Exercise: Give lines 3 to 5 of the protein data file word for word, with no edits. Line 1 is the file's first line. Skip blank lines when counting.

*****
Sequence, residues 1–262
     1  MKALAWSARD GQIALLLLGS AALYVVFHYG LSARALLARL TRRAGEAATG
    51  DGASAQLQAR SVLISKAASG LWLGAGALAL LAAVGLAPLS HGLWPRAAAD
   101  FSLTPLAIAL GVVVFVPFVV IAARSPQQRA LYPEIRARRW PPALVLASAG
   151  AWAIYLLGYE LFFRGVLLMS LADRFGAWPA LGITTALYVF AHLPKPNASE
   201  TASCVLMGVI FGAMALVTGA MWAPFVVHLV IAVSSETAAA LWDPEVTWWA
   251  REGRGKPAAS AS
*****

    51  DGASAQLQAR SVLISKAASG LWLGAGALAL LAAVGLAPLS HGLWPRAAAD
   101  FSLTPLAIAL GVVVFVPFVV IAARSPQQRA LYPEIRARRW PPALVLASAG
   151  AWAIYLLGYE LFFRGVLLMS LADRFGAWPA LGITTALYVF AHLPKPNASE